As Delapenha notes, being able to report financial results under IFRS will involve comprehensive training of personnel and investment in technology infrastructure. And it will take some time for full and effective implementation. In addition, with many public media companies already marketing their brands and transacting business overseas, understanding IFRS is a “must-have skill” for their accounting professionals who need to present financial statements to U.S. stakeholders.
As we did when the Sarbanes-Oxley act was introduced in 2002, we will also need to address IT requirements that will result from the transition to IFRS accounting.
“Moving towards more principles-based accounting standards will put a premium on each entity having a quality IT platform so transactional data can be processed in a way that supports IFRS reporting,” Delapenha says. “Existing U.S. IT and financial reporting systems traditionally support U.S. GAAP financial reporting. So there will be a need to invest in both technology and training of personnel to enable IFRS financial reporting.”
While one of the major arguments against adopting IFRS is the cost of converting existing systems and training personnel, Delapenha believes there can also be a steep cost if U.S. companies don’t change, given the competitive global business environment.
Similarly, Delapenha encourages his accounting peers to view this process as an opportunity to take a fresh approach toward accounting policies. The ultimate objective of the conversion is transparency in financial reporting. “So using this as an opportunity to upgrade accounting policy as well as financial reporting tools and processes is likely to benefit organizations in the near term,” he notes.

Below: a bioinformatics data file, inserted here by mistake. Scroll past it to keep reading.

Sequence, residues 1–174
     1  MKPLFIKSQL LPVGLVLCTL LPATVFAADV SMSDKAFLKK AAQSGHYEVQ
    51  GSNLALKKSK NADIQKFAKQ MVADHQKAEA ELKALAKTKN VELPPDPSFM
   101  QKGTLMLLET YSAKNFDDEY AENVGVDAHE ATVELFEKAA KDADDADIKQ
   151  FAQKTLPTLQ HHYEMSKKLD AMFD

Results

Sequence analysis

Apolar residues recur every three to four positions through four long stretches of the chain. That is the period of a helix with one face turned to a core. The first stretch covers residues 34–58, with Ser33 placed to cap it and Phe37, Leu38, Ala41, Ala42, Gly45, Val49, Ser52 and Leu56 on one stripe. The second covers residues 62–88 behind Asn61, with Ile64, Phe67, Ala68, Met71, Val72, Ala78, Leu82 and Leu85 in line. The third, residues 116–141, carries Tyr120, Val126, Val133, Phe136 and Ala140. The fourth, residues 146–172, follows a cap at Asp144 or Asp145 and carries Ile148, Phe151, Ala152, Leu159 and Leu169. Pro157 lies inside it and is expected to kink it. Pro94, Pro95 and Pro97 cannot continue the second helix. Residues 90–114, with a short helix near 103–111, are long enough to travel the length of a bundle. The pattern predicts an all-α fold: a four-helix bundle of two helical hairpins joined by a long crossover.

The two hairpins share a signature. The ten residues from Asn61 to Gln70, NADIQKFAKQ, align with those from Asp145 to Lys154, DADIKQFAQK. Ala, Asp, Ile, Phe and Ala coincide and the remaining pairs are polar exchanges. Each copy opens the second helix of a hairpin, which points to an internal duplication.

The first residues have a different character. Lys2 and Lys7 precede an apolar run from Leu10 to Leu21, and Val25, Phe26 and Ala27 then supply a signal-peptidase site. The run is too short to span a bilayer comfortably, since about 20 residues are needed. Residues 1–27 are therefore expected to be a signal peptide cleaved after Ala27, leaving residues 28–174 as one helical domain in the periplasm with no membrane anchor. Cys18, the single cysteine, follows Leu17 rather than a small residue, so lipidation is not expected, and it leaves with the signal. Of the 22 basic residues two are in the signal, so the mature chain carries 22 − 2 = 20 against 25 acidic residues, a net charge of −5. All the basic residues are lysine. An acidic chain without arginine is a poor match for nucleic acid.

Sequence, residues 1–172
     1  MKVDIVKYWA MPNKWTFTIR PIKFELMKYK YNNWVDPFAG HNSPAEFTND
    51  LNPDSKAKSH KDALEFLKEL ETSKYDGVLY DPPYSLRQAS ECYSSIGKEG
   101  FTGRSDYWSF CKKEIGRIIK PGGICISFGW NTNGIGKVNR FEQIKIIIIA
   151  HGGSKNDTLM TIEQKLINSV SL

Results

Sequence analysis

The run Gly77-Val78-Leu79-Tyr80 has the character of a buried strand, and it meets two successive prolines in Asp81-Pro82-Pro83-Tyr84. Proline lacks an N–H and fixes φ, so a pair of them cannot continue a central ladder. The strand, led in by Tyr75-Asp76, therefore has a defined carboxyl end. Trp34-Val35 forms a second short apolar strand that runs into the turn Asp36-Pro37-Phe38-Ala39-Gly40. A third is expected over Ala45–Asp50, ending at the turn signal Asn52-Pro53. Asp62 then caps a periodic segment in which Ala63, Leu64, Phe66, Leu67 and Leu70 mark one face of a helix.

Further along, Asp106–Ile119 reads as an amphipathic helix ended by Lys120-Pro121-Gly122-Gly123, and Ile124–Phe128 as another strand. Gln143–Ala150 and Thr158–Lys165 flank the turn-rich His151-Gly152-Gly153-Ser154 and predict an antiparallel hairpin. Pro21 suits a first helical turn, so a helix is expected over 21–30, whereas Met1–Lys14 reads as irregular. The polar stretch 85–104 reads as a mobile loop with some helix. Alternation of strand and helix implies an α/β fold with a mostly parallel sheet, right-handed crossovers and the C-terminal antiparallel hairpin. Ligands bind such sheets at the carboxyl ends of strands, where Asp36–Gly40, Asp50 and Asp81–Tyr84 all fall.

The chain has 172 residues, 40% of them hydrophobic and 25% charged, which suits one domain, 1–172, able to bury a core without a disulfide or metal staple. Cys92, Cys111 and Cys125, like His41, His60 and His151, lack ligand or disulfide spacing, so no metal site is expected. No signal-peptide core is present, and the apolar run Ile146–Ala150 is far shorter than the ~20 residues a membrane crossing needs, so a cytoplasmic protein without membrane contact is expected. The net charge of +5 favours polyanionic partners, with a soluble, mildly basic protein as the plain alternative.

This is consistent with what other financial professionals are saying about the need to update policies or create new ones to enable reliable and consistent financial reporting. In fact, FASB and IASB have established joint task forces to work on two key areas where there are discrepancies between their rules for revenue recognition reporting and lease accounting, and are currently accepting comments. Of course, changes to rules such as these may require organizations to change how they conduct their businesses as well as how they report their business activities.
Delapenha’s article underscores the essential, but often unrecognized, role played by our industry’s accounting and finance professionals. Have you noticed that when industry recognition is handed out, it seldom involves the financial executives who often play a pivotal role in that success?
It’s with that in mind that MFM has established “People to Watch in 2010.” The program is designed to recognize the financial executives whose leadership will be instrumental in creating change within the media and financial industries over the next year. Nominees do not need to be a member of MFM or its BCCA subsidiary in order to qualify and anyone interested in making a nomination can complete the online form, which may be found on MFM’s website. People to Watch in 2010 honorees will be selected by the editorial board for The Financial Manager and recognized in the magazine’s January-February 2010 issue.